*C. Advanced Encryption Standards (AES)*

AES stands for advanced encryption standards.

*Operation on Message: [9][11][12]*

a. Whole message is divided into blocks of 128 bits.

b. This 128 bits block would be in the form of a 4x4 matrix whose one cell would have size of 1byte (8bits).

c. The block would be performing XOR operation with k0 sub-key and generate a state matrix. (intermediate form)

*2. AES Transformation Function*

*a. Sub-Bytes:* State matrix will pass through the substitution box (Rijndael S-box). This s-box has a 16x16 matrix of distinct hexadecimal values. Every cell of the data block will be replaced by these values. Every cell of data will have a hexadecimal value whose left digit will be denoting row no. and right digit will denote column number. Now the hexadecimal value at this specific position in s-box will replace value inside that state matrix.[12][13]

Symmetric encryption utilizes a unique key that requires it to be shared to the people who need to obtain the data, whereas asymmetric encryption uses a pair of public key and a private key to encrypt and decrypt messages when exchanging information. Some popular algorithms for symmetric encryption are RC4, AES, DES, 3DES, and QUAD. RSA, Diffie-Hellman, ECC are some of the Asymmetric Encryption. Implementation of ECC is toughest among others because of the complicated mathematical aspect of the algorithm. Some attacks against these algorithms are Brute-force attacks, Cipher-only attacks, Known-plaintext attack, Man in the middle, side channel etc. Key-size of an algorithm affects memory usage and power consumption along with the speed of encryption and decryption. AES is the most robust symmetric encryption algorithm, whereas ECC turns out to be a better Asymmetric algorithm than RSA. The longer key length of RSA causes RSA to be the least secure algorithm because of potential side channel attacks. DES is the only algorithm among those discussed, to be vulnerable to brute force attack. Other algorithms’ longer key sizes makes it impossible to be cracked with a brute force attack.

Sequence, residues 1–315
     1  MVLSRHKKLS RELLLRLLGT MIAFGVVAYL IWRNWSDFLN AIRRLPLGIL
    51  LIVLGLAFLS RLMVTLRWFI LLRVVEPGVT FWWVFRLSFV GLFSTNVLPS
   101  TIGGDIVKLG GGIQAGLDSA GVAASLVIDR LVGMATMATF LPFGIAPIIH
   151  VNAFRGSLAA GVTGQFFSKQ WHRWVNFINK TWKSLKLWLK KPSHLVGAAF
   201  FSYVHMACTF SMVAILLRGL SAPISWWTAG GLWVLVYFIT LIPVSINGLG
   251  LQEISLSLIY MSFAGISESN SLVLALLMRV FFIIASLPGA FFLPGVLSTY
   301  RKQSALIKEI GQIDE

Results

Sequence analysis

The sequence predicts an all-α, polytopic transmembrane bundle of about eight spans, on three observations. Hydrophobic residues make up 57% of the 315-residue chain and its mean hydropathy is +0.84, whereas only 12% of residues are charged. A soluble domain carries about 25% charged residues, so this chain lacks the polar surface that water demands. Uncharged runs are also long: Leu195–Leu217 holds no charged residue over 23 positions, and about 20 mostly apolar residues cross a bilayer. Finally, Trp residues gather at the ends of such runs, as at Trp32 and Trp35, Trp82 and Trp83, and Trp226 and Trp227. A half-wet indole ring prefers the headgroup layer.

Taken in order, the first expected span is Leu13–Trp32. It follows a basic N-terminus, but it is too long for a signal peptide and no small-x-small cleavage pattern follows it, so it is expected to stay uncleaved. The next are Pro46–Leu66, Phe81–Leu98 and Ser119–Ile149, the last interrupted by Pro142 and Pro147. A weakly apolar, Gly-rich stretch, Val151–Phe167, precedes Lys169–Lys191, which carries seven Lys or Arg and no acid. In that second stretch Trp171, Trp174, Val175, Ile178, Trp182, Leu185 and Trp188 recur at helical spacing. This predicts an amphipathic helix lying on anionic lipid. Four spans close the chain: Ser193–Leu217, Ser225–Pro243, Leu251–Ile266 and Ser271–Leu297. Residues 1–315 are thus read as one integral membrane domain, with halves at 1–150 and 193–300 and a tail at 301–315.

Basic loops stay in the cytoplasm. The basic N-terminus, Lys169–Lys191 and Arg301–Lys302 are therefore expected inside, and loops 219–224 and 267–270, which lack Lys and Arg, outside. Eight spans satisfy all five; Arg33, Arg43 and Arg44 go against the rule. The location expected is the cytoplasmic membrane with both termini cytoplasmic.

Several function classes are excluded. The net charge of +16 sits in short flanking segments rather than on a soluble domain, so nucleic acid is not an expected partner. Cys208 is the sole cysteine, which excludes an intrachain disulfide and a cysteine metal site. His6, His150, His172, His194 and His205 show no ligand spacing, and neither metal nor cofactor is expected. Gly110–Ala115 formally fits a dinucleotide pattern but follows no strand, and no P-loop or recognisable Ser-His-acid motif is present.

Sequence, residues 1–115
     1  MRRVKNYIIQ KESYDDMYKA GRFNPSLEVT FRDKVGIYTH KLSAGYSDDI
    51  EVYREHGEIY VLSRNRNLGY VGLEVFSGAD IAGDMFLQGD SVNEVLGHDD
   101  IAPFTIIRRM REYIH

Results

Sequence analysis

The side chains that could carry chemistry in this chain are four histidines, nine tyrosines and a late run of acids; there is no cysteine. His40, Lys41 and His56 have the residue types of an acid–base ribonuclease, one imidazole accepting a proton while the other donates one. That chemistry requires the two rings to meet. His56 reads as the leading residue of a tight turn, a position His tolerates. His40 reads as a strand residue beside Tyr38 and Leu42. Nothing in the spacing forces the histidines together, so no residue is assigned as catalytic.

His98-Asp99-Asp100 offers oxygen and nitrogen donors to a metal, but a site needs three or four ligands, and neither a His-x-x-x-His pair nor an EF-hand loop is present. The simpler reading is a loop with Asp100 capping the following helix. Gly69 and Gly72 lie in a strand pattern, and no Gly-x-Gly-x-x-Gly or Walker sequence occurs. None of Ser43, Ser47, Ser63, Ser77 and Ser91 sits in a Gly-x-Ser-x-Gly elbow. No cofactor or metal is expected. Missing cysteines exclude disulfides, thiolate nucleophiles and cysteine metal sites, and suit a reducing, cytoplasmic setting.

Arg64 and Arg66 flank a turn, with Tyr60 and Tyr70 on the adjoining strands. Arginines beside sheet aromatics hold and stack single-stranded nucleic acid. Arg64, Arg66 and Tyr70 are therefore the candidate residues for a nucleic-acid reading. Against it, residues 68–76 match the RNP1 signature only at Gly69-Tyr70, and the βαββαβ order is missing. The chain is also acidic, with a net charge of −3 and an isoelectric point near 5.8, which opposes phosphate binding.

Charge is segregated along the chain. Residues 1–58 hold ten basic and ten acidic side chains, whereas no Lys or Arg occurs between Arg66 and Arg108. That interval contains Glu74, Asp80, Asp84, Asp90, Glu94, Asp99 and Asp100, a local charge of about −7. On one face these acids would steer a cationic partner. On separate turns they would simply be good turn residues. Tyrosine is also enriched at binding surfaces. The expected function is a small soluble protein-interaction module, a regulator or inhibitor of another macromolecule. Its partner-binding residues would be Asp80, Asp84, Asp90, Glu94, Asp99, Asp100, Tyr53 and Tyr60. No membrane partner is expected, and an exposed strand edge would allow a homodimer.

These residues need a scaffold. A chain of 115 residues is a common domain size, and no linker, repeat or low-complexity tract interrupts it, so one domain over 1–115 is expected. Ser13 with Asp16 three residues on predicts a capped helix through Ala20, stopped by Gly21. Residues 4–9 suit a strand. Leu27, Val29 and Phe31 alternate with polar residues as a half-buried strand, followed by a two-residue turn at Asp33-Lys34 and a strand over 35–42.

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Copyright © 2022 Dr. Manjot Kaur Bhatia, Rajshekhar Singh Rajpurohit, Gulafshan , Benjamin Joseph. This is an open access article distributed under the Creative Commons Attribution License, which permits unrestricted use, distribution, and reproduction in any medium, provided the original work is properly cited.

Paper Id : IJRASET47848

Publish Date : 2022-12-03

ISSN : 2321-9653

Publisher Name : IJRASET